There is an assumption that “pharmacies must be doing alright – you can still open”, but the Guild says some are barely hanging on
Research companies tracking movement in the Sydney and Melbourne CBDs have revealed how hard-hit businesses in those areas have been.
“Mobile devices numbers revealed that the number of people coming into Sydney CBD in in the first week of July was down 47% compared to January and February,” says Roy Morgan in its August COVID-19 update.
“Things were even worse in Melbourne,” it says. Even before the resumption of Stage 3 lockdown, CBD visits were down 61%.
In the week ending August 8, the first week of Melbourne’s Stage 4 lockdown, movement in the CBD plunged to a new record low of just 17% of pre-COVID times.
“Many businesses in Melbourne that were struggling to get back on their feet are now in lockdown again as the state tries to prevent widespread transmission,” says Roy Morgan CEO Michele Levine.
“The lockdown includes an 8pm curfew for residents of the city, mandatory mask-wearing and additional restrictions that force Melburnians not to venture more than 5km from their homes for shopping or exercise.”
Community pharmacies are no exception to the impact of the restrictions.
Anthony Tassone, president of the Pharmacy Guild Victorian branch, says pharmacies in Melbourne’s CBD are doing it extremely tough during the Stage 4 restrictions for COVID-19.
“It is not only pharmacies in the CBD that have been significantly impacted, also in large shopping centres and pharmacies attached to medical centres where the doctors have transitioned to consult via telehealth and aren’t physically present at the general practice,” he said.
According to Roy Morgan, JobKeeper is currently being paid to 3.5 million workers via 960,000 employers. Mr Tassone told AJP the Guild has been made aware of multiple pharmacies who have been and continue to be under the JobKeeper scheme.
“JobKeeper requires demonstrating that there has been at least a 30% reduction in revenue over a given period. These pharmacies are lucky to even have 30% of the revenue compared to last year – we have received reports of some pharmacies being 90% down on trade compared to the previous year,” says Mr Tassone.
“There can be assumptions by members of the public, and even with government and relevant departments that ‘pharmacies must be doing alright – you can still open’ but the clear message we have is that some pharmacies are barely hanging on and without federal government assistance may not be open at all.”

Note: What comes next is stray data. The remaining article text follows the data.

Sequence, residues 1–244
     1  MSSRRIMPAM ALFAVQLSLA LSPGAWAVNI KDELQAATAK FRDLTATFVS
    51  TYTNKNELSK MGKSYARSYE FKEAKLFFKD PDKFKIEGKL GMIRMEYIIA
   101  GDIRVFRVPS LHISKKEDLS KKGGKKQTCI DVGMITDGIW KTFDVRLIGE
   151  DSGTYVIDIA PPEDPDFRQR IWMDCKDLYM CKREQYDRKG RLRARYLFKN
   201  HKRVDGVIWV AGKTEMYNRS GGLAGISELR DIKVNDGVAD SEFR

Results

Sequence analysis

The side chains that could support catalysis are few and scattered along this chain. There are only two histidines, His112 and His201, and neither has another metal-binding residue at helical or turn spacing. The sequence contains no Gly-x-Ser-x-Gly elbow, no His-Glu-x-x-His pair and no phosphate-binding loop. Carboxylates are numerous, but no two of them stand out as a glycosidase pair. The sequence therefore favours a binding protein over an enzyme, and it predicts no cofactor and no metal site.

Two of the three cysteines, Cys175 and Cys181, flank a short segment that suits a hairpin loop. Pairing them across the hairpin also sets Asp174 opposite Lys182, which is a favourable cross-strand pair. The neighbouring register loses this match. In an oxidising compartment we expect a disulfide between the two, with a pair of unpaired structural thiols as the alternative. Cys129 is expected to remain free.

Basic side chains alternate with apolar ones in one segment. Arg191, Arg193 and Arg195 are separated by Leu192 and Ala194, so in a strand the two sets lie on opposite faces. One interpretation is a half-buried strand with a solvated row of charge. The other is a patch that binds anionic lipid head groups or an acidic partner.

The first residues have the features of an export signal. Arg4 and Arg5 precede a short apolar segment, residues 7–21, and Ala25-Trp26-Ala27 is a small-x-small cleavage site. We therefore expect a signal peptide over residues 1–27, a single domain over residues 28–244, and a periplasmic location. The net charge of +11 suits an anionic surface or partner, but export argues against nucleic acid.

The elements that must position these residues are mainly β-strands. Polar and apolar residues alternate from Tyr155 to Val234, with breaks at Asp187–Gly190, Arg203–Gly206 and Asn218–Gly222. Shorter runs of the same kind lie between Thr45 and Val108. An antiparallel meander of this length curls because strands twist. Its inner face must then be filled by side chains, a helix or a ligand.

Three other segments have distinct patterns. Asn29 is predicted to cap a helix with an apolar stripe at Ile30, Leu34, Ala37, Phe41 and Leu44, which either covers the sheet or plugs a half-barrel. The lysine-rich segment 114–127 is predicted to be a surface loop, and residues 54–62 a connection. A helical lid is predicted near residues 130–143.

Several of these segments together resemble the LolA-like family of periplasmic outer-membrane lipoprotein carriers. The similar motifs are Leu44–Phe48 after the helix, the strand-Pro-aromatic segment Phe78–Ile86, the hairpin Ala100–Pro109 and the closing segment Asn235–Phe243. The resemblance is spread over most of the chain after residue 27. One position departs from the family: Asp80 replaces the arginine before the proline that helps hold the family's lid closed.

Being a permitted business being able to open in Stage 4 is not some sort of free pass that makes pharmacies immune from severe challenges and pressures on their viability.
Mr Tassone points out that while there are business grants available at the Victorian state level under Business Victoria, these are not focused on healthcare providers and appear to be one-off grants that may help pay the rent for a month but still leave some pharmacies in a challenging position.
The Guild has also been assisting its members in engaging with the Victorian Small Business Commissioner under the commercial tenancy relief scheme to seek rent reductions from their landlord in very extreme circumstances.
“We have had instances of pharmacies in the CBD having to close for a deep clean due to a positive COVID case result amongst staff, endure significant out-of-pocket costs in the thousands of dollars, and there has been zero assistance from the Victorian government in helping offset this,” Mr Tassone adds.
“This is bitterly disappointing – and we have been calling for a dedicated support fund for community pharmacy for months, as has occurred in other states such as: Tasmania, Western Australia and South Australia in response to the COVID pandemic. Perhaps these governments value and understand community pharmacy better than our own Victorian government?
“If community pharmacies hadn’t have turned up and been there for their patients throughout the pandemic – we would have seen a health crisis become an absolute catastrophe here in Victoria.”
AJP has contacted the Victorian Department of Health and Human Services for comment.